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SOX2 promotes lineage plasticity and antiandrogen resistance in TP53- and RB1-deficient prostate cancer.

TitleSOX2 promotes lineage plasticity and antiandrogen resistance in TP53- and RB1-deficient prostate cancer.
Publication TypeJournal Article
Year of Publication2017
AuthorsMu P, Zhang Z, Benelli M, Karthaus WR, Hoover E, Chen C-C, Wongvipat J, Ku S-Y, Gao D, Cao Z, Shah N, Adams EJ, Abida W, Watson PA, Prandi D, Huang C-H, de Stanchina E, Lowe SW, Ellis L, Beltran H, Rubin MA, Goodrich DW, Demichelis F, Sawyers CL
JournalScience
Volume355
Issue6320
Pagination84-88
Date Published2017 Jan 06
ISSN1095-9203
Abstract

Some cancers evade targeted therapies through a mechanism known as lineage plasticity, whereby tumor cells acquire phenotypic characteristics of a cell lineage whose survival no longer depends on the drug target. We use in vitro and in vivo human prostate cancer models to show that these tumors can develop resistance to the antiandrogen drug enzalutamide by a phenotypic shift from androgen receptor (AR)-dependent luminal epithelial cells to AR-independent basal-like cells. This lineage plasticity is enabled by the loss of TP53 and RB1 function, is mediated by increased expression of the reprogramming transcription factor SOX2, and can be reversed by restoring TP53 and RB1 function or by inhibiting SOX2 expression. Thus, mutations in tumor suppressor genes can create a state of increased cellular plasticity that, when challenged with antiandrogen therapy, promotes resistance through lineage switching.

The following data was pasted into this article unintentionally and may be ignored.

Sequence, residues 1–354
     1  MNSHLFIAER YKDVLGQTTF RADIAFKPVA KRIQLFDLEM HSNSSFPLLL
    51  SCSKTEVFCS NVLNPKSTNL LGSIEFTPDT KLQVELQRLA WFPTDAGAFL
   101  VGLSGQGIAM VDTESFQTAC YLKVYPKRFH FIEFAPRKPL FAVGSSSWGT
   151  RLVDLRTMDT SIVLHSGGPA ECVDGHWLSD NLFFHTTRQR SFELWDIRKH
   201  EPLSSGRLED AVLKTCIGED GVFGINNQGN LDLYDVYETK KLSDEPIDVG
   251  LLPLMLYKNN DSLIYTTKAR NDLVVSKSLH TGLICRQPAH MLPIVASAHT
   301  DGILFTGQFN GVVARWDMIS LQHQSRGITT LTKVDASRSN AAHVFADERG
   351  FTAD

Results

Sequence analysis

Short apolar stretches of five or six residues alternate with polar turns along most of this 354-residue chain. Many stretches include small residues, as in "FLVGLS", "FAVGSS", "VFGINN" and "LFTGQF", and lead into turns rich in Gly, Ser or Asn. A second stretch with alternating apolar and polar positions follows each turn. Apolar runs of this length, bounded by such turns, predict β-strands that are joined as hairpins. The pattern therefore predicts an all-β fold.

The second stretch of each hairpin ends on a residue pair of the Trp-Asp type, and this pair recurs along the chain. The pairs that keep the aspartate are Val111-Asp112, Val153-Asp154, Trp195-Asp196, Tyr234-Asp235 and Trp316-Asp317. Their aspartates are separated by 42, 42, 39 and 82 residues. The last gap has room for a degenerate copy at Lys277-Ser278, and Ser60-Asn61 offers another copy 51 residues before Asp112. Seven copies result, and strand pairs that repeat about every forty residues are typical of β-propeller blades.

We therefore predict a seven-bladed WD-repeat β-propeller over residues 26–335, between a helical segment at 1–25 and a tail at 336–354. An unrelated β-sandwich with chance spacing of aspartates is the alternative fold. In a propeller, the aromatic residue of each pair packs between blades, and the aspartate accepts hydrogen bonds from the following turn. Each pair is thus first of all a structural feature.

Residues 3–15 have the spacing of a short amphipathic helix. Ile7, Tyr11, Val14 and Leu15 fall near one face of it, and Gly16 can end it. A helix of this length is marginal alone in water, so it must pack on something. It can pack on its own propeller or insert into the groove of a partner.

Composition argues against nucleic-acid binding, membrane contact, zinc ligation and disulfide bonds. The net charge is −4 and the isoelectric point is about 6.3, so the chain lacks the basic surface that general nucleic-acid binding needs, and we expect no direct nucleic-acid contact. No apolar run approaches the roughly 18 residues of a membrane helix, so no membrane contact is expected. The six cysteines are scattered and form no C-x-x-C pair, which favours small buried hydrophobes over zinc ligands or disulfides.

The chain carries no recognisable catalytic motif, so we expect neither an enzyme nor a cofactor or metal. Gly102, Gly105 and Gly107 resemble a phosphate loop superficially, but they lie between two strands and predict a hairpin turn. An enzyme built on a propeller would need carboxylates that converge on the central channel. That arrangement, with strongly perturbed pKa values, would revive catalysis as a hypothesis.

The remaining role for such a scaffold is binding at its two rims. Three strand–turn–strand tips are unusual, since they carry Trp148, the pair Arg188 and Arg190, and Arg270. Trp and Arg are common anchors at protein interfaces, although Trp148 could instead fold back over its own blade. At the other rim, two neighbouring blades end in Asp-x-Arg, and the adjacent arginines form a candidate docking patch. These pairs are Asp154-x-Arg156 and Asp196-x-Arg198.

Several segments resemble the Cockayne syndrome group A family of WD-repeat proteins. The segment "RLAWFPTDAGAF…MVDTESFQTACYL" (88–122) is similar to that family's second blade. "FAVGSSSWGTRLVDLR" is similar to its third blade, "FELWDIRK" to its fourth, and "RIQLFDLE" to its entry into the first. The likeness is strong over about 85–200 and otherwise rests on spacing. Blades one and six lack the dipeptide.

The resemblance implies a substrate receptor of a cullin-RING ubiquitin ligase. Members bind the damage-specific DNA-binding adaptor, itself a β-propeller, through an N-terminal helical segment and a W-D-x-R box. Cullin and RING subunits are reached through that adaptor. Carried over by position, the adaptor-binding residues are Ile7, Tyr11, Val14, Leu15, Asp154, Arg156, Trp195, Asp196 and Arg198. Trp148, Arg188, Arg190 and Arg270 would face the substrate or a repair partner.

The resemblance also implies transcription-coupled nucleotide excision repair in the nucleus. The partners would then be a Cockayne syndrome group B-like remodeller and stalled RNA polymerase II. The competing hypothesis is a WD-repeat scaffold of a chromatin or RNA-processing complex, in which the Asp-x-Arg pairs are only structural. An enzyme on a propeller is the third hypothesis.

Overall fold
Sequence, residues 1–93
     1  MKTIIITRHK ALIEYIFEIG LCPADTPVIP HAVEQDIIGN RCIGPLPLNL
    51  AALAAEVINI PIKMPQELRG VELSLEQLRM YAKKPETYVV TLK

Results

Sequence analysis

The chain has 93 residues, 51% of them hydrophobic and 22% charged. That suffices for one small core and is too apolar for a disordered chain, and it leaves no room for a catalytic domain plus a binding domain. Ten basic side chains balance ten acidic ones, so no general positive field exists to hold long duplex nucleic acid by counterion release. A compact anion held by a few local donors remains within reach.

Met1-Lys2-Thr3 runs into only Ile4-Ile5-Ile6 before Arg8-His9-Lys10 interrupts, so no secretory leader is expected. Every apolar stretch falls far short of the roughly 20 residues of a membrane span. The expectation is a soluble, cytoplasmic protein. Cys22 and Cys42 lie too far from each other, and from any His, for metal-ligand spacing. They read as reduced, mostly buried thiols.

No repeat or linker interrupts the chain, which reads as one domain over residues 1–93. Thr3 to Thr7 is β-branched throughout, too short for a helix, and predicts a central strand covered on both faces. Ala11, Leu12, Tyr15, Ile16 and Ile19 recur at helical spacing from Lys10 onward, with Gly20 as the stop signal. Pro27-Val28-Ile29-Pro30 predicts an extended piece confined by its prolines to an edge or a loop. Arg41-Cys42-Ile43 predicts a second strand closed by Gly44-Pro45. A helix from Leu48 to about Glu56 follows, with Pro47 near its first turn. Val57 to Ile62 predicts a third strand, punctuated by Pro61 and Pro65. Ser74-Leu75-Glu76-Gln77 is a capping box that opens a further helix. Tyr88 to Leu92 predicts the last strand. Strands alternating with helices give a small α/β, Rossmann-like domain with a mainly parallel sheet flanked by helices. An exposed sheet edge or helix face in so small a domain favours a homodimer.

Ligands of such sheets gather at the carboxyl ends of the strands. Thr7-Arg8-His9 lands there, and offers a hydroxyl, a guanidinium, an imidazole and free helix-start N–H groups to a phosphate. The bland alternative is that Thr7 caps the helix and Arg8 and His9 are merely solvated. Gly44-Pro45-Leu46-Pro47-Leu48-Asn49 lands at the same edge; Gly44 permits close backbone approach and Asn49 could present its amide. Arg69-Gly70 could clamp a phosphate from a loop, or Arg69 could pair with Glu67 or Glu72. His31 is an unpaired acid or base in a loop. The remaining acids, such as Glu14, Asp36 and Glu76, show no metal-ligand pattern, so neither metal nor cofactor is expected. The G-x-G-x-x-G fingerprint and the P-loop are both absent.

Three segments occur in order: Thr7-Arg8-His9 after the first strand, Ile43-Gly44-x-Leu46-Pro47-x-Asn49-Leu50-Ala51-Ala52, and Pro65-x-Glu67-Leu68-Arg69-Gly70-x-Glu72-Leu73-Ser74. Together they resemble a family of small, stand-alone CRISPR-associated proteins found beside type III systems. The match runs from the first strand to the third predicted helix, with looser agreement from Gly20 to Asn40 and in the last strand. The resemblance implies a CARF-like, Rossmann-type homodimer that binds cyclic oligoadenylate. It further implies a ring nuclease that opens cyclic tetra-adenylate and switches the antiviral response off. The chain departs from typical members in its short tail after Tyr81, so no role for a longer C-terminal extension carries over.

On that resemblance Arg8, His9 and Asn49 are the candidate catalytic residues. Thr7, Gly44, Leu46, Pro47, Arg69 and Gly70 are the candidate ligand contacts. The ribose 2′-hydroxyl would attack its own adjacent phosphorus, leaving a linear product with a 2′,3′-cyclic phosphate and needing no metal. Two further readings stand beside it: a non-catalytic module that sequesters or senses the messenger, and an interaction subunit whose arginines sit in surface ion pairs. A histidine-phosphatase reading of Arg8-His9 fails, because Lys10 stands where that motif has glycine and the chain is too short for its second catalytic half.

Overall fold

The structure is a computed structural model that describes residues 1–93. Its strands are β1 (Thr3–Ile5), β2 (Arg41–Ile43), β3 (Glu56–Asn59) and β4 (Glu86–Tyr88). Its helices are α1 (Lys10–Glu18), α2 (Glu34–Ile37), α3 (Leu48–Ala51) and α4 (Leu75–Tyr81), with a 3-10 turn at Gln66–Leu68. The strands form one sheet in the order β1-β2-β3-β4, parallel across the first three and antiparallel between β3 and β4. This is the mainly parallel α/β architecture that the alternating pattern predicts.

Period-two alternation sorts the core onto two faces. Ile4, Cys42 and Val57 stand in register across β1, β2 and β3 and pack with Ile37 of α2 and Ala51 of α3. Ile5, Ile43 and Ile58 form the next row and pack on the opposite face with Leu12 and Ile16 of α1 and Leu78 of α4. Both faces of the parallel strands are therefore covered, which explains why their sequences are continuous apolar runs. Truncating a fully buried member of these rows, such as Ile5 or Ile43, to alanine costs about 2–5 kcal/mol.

DOI10.1126/science.aah4307
Alternate JournalScience
PubMed ID28059768
PubMed Central IDPMC5247742
Grant ListU54 OD020355 / OD / NIH HHS / United States
P50 CA092629 / CA / NCI NIH HHS / United States
P30 CA008748 / CA / NCI NIH HHS / United States
R01 CA155169 / CA / NCI NIH HHS / United States
R01 CA116337 / CA / NCI NIH HHS / United States
R21 CA179907 / CA / NCI NIH HHS / United States
P01 CA013106 / CA / NCI NIH HHS / United States
T32 CA009072 / CA / NCI NIH HHS / United States